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Nucleophilic substitution reactions of alkyl halides can proceed via an SN1 or an SN2 mechanism. While in SN2 reactions, the nucleophile attacks the substrate simultaneously as the leaving group departs, in SN1 reactions, the substrate first dissociates to give the carbocation intermediate. Various factors such as the structure of the substrate, the strength of the nucleophile, and the nature of the solvent promote one mechanism over the other.

With increased substitution on the alkyl halide, steric hindrance increases, and more stable carbocations are formed. Thus, with increased alkyl substitution, SN1 reactions are favored over SN2 reactions.

According to the kinetic studies of the rate-limiting step, the nature and concentration of nucleophiles affect only SN2 reaction rates. Thus, strong nucleophiles speed up SN2 reactions, while weak nucleophiles slow down SN2 reactions. As nucleophiles do not participate in the rate-determining step of an SN1 reaction, neither strong nor weak nucleophiles affect the reaction rate.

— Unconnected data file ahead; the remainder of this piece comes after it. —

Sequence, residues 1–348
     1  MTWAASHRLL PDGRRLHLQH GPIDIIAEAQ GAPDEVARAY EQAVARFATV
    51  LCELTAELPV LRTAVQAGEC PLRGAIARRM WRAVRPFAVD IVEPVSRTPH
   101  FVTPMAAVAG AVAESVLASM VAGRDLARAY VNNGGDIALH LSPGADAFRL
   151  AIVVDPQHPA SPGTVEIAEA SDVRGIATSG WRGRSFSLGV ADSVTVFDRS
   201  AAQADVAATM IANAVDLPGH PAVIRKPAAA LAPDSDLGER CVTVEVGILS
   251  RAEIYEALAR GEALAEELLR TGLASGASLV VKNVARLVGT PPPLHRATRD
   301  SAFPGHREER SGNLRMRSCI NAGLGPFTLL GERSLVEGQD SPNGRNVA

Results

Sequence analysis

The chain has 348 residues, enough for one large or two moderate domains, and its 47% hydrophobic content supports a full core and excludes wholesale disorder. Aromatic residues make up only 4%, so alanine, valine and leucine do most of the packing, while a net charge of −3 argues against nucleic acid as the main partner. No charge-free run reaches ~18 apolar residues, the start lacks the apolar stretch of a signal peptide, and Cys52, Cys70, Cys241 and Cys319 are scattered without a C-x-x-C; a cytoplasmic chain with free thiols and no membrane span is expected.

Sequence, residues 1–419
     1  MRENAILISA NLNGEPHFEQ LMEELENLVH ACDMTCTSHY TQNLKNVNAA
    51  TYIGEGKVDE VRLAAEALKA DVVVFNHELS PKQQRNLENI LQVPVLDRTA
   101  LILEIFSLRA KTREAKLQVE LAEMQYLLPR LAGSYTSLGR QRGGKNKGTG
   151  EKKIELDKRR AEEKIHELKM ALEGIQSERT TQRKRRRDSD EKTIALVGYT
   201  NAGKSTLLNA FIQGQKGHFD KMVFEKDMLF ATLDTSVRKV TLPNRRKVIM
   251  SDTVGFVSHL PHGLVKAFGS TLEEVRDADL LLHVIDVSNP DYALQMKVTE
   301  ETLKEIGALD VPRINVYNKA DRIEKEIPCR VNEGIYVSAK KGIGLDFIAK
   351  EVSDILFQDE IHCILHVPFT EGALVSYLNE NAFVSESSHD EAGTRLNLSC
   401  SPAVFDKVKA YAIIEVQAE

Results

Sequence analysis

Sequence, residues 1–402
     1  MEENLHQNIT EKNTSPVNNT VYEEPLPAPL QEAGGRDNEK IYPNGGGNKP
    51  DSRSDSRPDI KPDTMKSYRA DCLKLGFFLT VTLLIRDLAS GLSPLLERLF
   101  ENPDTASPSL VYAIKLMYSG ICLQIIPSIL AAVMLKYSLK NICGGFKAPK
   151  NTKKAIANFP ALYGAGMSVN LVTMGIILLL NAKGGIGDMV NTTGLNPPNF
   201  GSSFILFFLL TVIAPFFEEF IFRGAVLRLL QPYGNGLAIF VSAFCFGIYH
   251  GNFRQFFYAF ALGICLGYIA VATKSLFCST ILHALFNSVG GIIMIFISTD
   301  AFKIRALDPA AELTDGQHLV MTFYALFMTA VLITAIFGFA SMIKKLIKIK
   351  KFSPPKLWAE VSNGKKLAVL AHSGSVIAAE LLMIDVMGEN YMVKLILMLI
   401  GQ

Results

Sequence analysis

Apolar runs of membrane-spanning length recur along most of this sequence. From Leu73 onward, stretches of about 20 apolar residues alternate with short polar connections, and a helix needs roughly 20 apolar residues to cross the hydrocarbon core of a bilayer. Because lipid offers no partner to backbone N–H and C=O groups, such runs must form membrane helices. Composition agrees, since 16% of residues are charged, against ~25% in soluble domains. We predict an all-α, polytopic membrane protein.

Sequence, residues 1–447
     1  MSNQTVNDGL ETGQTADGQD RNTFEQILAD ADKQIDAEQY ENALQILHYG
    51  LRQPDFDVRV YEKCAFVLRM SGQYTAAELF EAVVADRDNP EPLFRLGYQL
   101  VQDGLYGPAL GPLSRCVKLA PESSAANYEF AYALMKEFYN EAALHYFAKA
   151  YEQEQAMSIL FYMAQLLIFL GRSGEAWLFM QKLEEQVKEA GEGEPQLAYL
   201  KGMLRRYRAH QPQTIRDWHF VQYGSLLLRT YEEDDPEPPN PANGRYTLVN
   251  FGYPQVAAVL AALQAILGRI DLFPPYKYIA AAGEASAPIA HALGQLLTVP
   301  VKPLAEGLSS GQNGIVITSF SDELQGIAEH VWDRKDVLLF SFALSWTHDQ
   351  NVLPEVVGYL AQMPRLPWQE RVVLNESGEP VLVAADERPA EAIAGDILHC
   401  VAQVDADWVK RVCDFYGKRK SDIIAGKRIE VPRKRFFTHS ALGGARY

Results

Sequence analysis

In SN2 reactions, polar protic solvents cage the nucleophiles through hydrogen bonds, delaying their approach towards the substrate. Polar aprotic solvents, on the contrary, destabilize the nucleophiles, thereby decreasing the activation energy and increasing the reaction rate. In SN1 reactions, polar protic solvents facilitate the departure of the leaving group by stabilizing the ions through solvation.

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